Exposure of reproductively maturing rainbow trout to ...
|Title||Exposure of reproductively maturing rainbow trout to a New Zealand pulp and paper mill effluent|
|Author(s)||Michael R. van den Heuvel, R. J. Ellis, L. A. Tremblay, T. R. Stuthridge|
|Journal||Ecotoxicology and Environmental Safety|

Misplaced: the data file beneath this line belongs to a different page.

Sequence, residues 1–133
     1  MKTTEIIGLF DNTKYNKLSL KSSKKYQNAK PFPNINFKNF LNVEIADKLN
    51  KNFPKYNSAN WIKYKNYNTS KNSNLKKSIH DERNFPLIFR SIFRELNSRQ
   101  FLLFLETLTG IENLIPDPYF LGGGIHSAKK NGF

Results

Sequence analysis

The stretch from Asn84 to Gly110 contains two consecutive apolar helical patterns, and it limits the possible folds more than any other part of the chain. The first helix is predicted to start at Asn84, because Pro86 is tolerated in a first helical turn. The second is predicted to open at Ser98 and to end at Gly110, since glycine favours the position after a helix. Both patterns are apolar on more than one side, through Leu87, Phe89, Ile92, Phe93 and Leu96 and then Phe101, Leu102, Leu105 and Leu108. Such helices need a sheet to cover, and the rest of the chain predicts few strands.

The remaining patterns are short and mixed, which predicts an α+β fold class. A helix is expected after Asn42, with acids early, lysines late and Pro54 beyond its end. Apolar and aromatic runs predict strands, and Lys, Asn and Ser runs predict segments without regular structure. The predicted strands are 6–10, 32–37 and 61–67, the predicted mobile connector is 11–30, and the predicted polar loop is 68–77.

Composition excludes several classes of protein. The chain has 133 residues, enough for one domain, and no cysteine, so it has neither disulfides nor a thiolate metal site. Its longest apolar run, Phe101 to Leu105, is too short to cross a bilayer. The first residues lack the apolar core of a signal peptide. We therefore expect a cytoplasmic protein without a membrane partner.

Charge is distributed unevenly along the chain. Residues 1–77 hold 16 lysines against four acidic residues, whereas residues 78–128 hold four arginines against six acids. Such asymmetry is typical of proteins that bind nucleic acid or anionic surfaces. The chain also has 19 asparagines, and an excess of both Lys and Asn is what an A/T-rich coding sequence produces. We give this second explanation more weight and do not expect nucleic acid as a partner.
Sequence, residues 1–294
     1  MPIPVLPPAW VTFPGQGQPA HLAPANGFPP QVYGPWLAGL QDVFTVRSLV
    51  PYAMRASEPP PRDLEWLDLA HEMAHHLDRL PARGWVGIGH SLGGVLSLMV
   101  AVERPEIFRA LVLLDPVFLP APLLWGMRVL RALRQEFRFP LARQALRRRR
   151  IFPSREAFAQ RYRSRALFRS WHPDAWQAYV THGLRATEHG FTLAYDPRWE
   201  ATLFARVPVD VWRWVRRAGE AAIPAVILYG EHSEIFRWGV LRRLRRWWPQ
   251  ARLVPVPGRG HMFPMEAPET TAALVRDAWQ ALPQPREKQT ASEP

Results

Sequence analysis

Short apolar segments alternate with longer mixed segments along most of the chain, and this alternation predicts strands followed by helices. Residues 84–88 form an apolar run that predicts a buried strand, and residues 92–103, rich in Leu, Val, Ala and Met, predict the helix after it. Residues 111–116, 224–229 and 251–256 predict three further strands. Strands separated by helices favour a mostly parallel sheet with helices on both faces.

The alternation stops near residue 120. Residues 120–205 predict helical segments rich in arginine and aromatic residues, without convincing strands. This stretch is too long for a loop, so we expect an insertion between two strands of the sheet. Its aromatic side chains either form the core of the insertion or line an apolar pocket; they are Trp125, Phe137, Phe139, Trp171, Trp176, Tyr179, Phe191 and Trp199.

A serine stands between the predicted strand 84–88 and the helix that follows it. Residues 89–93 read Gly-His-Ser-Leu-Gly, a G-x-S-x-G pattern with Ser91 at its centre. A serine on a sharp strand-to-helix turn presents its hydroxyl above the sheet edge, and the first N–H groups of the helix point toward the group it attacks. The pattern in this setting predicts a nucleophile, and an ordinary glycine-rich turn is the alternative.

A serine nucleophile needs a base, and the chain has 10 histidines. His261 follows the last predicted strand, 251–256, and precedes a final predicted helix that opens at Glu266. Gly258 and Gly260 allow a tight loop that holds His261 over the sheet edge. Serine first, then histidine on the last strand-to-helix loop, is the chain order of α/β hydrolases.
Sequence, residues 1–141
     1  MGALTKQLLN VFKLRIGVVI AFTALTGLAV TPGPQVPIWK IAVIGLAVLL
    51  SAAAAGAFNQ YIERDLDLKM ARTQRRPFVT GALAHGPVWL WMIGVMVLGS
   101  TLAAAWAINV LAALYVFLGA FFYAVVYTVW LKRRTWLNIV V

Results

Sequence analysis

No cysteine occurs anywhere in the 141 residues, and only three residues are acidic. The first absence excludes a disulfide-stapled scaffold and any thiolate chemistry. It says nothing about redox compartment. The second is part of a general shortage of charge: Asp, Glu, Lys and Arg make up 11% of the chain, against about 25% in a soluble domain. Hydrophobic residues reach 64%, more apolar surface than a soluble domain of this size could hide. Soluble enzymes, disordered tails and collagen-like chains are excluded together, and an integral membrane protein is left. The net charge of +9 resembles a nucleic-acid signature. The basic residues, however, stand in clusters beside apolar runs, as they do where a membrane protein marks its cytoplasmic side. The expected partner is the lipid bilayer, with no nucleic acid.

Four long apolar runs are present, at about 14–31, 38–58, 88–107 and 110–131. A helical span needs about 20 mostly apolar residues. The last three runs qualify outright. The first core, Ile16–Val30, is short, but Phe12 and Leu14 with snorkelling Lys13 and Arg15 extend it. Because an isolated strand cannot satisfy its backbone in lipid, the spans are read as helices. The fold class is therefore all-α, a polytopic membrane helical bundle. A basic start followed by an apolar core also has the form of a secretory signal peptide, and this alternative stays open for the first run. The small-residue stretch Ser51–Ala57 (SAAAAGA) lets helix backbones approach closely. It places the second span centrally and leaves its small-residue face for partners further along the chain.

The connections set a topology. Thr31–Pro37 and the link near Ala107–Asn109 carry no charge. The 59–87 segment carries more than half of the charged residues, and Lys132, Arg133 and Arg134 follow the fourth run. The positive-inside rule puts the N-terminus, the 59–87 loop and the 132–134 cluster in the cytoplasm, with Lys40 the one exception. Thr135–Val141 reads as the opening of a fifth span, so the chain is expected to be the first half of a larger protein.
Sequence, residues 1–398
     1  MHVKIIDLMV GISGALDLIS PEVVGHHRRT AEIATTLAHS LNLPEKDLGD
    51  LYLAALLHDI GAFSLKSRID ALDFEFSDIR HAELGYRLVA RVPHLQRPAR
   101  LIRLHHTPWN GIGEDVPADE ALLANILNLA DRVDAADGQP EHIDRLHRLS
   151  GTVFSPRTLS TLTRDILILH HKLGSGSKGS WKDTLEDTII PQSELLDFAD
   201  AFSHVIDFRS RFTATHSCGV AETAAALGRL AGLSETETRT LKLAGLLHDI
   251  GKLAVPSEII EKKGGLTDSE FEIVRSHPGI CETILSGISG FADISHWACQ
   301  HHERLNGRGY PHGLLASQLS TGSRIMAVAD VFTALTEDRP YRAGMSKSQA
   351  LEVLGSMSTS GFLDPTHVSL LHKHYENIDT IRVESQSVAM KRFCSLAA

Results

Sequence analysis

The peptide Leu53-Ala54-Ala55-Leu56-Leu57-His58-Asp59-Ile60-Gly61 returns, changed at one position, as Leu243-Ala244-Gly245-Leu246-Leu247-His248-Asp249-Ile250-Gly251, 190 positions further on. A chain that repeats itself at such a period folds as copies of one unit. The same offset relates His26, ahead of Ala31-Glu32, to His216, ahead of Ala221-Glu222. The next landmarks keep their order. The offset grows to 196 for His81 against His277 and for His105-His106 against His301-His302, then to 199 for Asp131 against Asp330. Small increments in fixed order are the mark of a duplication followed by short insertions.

|Abstract||Long-term studies on the reproductive fitness of fish under controlled exposure conditions are necessary to address some of the controversy surrounding the field-based studies of pulp and paper effluent effects. This study undertook effluent exposures of 2+ age rainbow trout that were approximately halfway through gonadal growth. Trout were exposed to a mixed thermomechanical/bleached kraft effluent in 12,000-L flow-through exposure tanks at an environmental research facility located at a pulp and paper mill in Kawerau, New Zealand. Trout were exposed to either upstream river water or 10% effluent in upstream river water and were maintained at a ration of 0.7% of body wet weight during the experiment. Results of the 2-month study indicated that trout survival was not significantly different between effluent-exposed tanks and reference tanks. There was extensive growth during the exposure but no differences were found due to effluent exposure. Gonadal development was not significantly different between treatments. Steroid hormone concentrations in males and females were not affected by effluent exposure. The effluent showed no potential to be estrogenic as indicated by a lack of vitellogenin induction in male trout. Other physiological indicators of energy storage and utilization also showed no significant differences. Modest induction of hepatic 7-ethoxyresorufin-O-deethylase (2.5-fold) was the only detectable biological effect of the exposure. Biliary concentration of effluent-related compounds were typical of pulp mill effluent exposure and further suggested that the source of phytosterols was in fact dietary and not effluent-derived.|
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